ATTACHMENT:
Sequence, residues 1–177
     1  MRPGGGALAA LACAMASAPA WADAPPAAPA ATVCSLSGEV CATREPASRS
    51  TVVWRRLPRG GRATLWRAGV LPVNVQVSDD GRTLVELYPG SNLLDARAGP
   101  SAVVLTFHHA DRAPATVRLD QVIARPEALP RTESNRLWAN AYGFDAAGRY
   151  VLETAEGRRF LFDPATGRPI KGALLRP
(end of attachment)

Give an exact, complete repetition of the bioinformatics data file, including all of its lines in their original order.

Sequence, residues 1–177
     1  MRPGGGALAA LACAMASAPA WADAPPAAPA ATVCSLSGEV CATREPASRS
    51  TVVWRRLPRG GRATLWRAGV LPVNVQVSDD GRTLVELYPG SNLLDARAGP
   101  SAVVLTFHHA DRAPATVRLD QVIARPEALP RTESNRLWAN AYGFDAAGRY
   151  VLETAEGRRF LFDPATGRPI KGALLRP